We have reported the effects of the secretomes in the conditioned medium from bone marrow-derived mesenchymal stem cells (MSC-CM) on bone and periodontal tissue regeneration in vitroand in vivo. MSC-CM contains several cytokines such as insulin-like growth factor (IGF)-1, vascular endothelial growth factor (VEGF), and transforming growth factor (TGF)-β1. MSC-CM enhances cell proliferation, mobilization, angiogenesis, and expression of osteogenic markers such as alkaline phosphatase, collagen type I, and Runx2genes (Katagiri et al., 2013). MSC-CM also recruits endogenous stem cells to the grafted site and shows early bone and periodontal regeneration in rat calvarial bone defects and dog periodontal bone defects (Inukai et al., 2013; Osugi et al., 2012). Furthermore, the concentrations of cytokines contained in MSC-CM are relatively low such that use of MSC-CM does not induce the severe histological inflammatory responses that are observed with the clinical use of recombinant human BMP-2 (Katagiri et al., 2013).

In this section, our in vitroand in vivostudies about the effects of MSC-CM on bone and periodontal tissue regeneration were summarized and introduced.

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2. Biological effects of MSC-CM in bore and periodontal tissue regeneration

2.1. Preparation of MSC-CM

The hMSCs were purchased from Lonza and cultured in MSC basal medium (Lonza) with MSC growth medium (SingleQuots, Lonza). Rat MSCs (rMSCs) were isolated from the femora of 7-week-old Wistar/ST rats (Japan SLC) and expanded and cultured in Dulbecco’s modified Eagle medium (DMEM) (Gibco) with 10% fetal bovine serum (FBS). Cells of the second to fourth passages were used in the experiments in this study. Cells were maintained at 37°C in 5% carbon dioxide/95% air. The hMSCs were cultured in a culture dish (100 × 20 mm). When hMSCs reached 70% to 80% confluence, the medium was refreshed with 10 mL of serum-free DMEM containing antibiotics (100 units/mL penicillin G, 100 μg/mL streptomycin, and 0.25μg/mL amphotericinB; Gibco). The culture media (CM) was collected after 48 hours of incubation. This media was defined as hMSC culture-conditioned media (MSC-CM) and stored at 4°C or –80°C before being used for subsequent experiments.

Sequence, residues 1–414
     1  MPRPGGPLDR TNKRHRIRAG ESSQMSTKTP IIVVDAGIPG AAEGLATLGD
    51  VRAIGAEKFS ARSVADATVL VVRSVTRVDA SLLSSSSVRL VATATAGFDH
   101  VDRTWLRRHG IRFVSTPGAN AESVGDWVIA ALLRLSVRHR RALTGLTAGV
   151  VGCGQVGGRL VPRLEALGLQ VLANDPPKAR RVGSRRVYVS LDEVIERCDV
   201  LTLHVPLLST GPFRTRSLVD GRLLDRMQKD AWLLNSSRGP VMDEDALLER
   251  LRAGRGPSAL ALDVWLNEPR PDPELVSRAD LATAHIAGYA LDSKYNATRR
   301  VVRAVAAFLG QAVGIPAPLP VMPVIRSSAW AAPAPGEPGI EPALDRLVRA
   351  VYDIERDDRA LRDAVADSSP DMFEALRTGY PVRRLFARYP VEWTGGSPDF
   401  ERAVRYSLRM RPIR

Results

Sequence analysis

FactorsConcentration (pg/mL)
IGF-11515.6±211.83
VEGF465.84±108.81
TGF-β1339.82±14.41
HGF20.32±7.89
PDGF-BBN.D
BMP-2N.D
FGF-2N.D
SDF-1N.D

Table 1.

The Levels of Cytokines Present in MSC-CM

2.2. Cytokines present in MSC-CM

The concentrations of the cytokines IGF-1, VEGF, TGF-β1, HGF, FGF-2, PDGF-BB, BMP-2, and SDF-1α in MSC-CM were quantified with ELISA. Cytokines were not detected in DMEM-0% and DMEM-30%. However, MSC-CM contained IGF-1, VEGF, TGF-β1, and HGF at concentrations of 1386 ± 465, 468.5 ± 109, 339.8 ± 14.4, and 20.3 ± 7.8 pg/ml, respectively. The other factors assayed were not detected in MSC-CM (Table 1).

2.3. MSC-CM enhances migration and proliferation of MSCs and PDLCs